“Consent has never happened here,” Cheyenne Antonio said during her five minutes at the front of the chapter. “My grandma, she gets benefits, yes she gets oil and gas money, yes, yes we know. But what she doesn’t know are what are all these chemicals that they’re using.”
Antonio’s from the Pueblo Pintado area, but she and her family moved to Albuquerque. Her grandmother leased her land for oil operations, but Antonio questioned the information her grandmother relied on when making the decision.
While Antonio said it’s too late for her grandma to change her decision, they are still hoping to educate others.
Health impacts are a serious concern, Antonio said.
“Since this boom has happened, my little brother has been diagnosed with cancer … and it has been an ongoing struggle.”
Some community members are conducting their own health assessment in an attempt to understand the impact fracking may have already caused in the area.
The Hózhóógó na’adá Assessment is being prepared by Herbert Benally, Ph.D, and Larry W. Emerson, Ph.D. An initial report that relies on a small sample of residents for information suggests a need for better communication and cultural understanding between the companies, the government, and the community itself.
Government officials who listened throughout the day seemed to agree.
Navajo Nation Council Speaker Bates acknowledged the difficulties faced by the community, but stressed that all entities involved will have to compromise with one another.
Bates cited the need for different government agencies to work better together.
“There’s a lot of moving pieces dealing with the situation … this government (has) slow moving gears, but it moves,” Bates said in remarks at the end of the day.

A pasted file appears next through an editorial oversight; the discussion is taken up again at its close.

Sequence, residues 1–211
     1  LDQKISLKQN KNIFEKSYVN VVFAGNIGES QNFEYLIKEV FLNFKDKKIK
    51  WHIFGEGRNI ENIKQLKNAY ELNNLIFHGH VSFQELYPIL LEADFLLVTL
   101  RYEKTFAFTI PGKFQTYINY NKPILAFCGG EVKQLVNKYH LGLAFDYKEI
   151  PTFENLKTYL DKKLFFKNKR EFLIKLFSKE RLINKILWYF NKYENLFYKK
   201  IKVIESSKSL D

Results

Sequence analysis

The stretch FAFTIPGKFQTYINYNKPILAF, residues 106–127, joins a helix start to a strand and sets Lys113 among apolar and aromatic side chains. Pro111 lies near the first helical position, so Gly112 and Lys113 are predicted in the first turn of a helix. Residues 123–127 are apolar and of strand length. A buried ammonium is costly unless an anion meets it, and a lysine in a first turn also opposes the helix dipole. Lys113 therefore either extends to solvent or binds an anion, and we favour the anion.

Others at the meeting noted the economic benefit of oil and gas leasing to the Navajo Nation, and attempted to reassure community members of its safety.
“We are acutely aware of not only economic, but environmental safety and health, cultural and social aspects of oil and gas operations,” said William McCabe, a consultant for Navajo Nation Oil and Gas Co., which is owned by the Navajo Nation.
“Those studies that have come to bear have shown that there’s very little impact at least on the water standpoint, from hydraulic fracturing and oil and gas activity,” McCabe said.
Both McCabe and Bates said energy development is important to the future of the Navajo Nation, with oil and gas becoming more important as the future of coal becomes increasingly uncertain.
The Navajo Nation is grappling with looming revenue shortages due to a planned closure of the Navajo Generating Station in 2019. It currently relies on lease agreements, royalties and other payments tied to the NGS and Kayenta coal mine that supplies it for 20 percent of its operating revenue. That revenue is in addition to over 3,000 direct and indirect jobs, according to Navajo Nation President Russell Begaye in a March 2017 opinion piece. In the face of uncertainty related to coal revenue, hydraulic fracturing is one solution the Nation is looking toward, McCabe said.
Bates echoed an assertion by McCabe that the Navajo Nation is an “energy nation.” A decline in coal puts the Navajo Nation in a tough position, he said, but it has the means to develop its economy through oil and gas operations.
“It can provide, it does provide, it has provided, but you have on the other side the challenges associated with each,” Bates said.
Melorie Begay holds New Mexico In Depth’s reporting fellowship at the University of New Mexico for the academic year 2017/2018.